But this story about the 13 year-old being forced to trade in his iPod for a Sony Walkman and finding that device somewhere between "quaint" and not "a credible piece of technology" reminded me of Jackson. It seems to me that Jackson is--or rather, he was--something like that that Walkman. He was an innovation that was a real game changer when he emerged, rather like the Walkman, and yet behind the force of his public persona was a kind of feigned or, maybe, a genuine quaintness that made him something beyond a "credible piece of technology." In the end, it is limited and it disappoints. The potential for or the idea of greatness was there, but it could not come from the vessel in which the idea of that greatness dwelt.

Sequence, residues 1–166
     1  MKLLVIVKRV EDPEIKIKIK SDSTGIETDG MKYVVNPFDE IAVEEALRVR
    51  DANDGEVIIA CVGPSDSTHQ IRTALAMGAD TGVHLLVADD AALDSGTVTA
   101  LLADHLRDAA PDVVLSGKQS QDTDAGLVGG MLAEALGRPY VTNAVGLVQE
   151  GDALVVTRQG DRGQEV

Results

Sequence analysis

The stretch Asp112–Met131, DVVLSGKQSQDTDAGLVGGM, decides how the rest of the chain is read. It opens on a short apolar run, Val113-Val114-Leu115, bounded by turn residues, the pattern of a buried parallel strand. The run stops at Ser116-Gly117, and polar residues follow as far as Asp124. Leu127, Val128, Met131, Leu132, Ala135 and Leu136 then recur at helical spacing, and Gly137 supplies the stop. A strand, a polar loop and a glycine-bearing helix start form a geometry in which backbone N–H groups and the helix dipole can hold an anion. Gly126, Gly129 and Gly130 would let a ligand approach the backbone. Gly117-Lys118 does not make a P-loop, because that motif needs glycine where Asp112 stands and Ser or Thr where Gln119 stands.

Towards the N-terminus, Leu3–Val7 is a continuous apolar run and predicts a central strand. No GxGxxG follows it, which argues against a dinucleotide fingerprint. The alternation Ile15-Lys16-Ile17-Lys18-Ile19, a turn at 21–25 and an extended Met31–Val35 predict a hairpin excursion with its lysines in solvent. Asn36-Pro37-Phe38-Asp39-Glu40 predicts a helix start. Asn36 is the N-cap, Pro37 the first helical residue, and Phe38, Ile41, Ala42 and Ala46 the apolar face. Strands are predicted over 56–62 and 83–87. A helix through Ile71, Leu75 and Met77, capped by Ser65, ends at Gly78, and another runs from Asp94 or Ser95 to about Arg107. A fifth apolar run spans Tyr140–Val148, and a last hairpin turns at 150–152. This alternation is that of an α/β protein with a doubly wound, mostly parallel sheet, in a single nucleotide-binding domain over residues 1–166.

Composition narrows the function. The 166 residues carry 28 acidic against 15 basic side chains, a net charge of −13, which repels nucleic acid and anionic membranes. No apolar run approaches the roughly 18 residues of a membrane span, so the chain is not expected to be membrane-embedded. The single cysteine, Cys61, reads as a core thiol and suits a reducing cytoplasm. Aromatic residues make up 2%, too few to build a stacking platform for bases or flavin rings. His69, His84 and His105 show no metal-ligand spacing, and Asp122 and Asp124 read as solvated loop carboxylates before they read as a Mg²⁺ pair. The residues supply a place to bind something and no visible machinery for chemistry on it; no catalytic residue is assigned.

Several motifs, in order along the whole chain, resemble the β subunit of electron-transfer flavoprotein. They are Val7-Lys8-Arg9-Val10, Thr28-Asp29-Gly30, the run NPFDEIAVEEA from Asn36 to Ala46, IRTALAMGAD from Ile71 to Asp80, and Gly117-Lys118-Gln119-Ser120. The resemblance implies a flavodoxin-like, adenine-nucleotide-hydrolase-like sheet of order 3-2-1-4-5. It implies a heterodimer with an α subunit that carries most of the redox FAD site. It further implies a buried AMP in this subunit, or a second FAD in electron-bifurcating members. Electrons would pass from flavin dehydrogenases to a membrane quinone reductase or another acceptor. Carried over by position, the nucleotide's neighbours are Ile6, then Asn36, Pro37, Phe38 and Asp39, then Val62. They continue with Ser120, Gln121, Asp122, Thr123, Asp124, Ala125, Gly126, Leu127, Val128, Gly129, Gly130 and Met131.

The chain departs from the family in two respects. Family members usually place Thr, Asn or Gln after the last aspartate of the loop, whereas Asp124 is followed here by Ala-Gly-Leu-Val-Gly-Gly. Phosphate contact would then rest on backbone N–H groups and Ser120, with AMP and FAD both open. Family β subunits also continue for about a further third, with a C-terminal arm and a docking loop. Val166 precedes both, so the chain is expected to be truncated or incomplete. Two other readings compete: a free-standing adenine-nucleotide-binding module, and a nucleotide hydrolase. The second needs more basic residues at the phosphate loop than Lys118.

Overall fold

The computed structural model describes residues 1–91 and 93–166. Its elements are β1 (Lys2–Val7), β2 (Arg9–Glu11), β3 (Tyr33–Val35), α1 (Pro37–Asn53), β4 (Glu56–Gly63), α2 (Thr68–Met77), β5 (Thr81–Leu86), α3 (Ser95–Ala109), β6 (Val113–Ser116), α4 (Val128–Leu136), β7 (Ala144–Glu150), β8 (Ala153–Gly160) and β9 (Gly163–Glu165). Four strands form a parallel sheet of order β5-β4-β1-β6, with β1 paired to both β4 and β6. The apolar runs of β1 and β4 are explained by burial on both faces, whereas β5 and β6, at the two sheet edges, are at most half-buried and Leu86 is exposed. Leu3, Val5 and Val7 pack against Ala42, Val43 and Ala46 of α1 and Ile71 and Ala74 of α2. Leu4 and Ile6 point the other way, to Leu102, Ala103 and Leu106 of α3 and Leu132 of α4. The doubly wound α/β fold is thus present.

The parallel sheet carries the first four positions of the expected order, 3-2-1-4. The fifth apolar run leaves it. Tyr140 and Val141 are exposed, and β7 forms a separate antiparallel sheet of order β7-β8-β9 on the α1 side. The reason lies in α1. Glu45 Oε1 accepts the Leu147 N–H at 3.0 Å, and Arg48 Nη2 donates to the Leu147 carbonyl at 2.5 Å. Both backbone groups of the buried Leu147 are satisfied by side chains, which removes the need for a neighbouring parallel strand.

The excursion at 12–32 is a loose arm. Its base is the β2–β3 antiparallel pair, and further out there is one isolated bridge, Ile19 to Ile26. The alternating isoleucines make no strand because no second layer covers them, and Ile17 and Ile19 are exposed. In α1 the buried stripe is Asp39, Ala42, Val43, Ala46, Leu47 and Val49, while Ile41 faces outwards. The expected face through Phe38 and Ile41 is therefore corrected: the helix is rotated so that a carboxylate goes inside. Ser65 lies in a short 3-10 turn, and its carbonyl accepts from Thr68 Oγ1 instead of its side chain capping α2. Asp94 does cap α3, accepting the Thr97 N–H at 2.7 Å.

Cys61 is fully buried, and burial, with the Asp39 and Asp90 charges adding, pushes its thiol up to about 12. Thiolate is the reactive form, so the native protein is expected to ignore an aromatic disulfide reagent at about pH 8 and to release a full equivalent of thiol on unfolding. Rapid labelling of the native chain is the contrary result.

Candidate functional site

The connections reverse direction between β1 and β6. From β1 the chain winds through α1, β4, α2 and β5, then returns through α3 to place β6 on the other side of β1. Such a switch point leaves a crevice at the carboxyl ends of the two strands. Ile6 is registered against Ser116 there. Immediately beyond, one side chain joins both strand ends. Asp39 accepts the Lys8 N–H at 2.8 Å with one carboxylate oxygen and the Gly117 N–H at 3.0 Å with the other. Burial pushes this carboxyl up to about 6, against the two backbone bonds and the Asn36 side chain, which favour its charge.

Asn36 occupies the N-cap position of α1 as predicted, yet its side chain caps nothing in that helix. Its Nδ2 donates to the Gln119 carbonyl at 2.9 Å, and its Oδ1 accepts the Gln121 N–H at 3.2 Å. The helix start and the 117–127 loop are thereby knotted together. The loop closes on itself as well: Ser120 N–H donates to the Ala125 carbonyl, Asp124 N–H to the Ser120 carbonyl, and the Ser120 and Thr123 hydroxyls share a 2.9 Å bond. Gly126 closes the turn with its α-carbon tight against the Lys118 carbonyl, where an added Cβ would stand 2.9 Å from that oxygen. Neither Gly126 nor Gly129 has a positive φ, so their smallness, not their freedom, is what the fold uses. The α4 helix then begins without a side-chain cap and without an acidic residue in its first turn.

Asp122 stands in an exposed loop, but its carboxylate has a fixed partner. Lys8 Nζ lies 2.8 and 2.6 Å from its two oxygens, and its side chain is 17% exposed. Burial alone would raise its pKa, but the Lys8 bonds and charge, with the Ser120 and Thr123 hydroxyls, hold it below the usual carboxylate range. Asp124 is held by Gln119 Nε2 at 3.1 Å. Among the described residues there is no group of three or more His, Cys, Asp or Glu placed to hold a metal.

The 13 year-old me would have given anything to have had a Walkman with a cassette tape of Thriller. A quarter-century later, I have both a Walkman and an iPod and use them both, primarily, for the even more quaint past-time of reading books. And I'm grateful, too, that if the authors of said books have ever taken up with llamas, pre-pubescent boys, illicit drug activity, or daughters of famous rock stars, I don't have to know anything about it from that source--for, unlike the news media, the iPod won't tell me anything I don't ask it to give me. I suppose there are some vital things missed by our ability to curl up into ourselves and self-program our entertainment and information these days. "Experts" insist that this is so and bemoan our fragmentation for a living. No artist may ever sell as many records (or whatever they call them these days) as Michael Jackson did. This is because we are all so fragmented now and there is a flavor for every taste--nothing drives our collective taste, we're told. The mantra seems to be that the "common experience" we once shared because of our limited choices in media and entertainment is a thing of the past and something not entirely salutary. Perhaps there's something to this.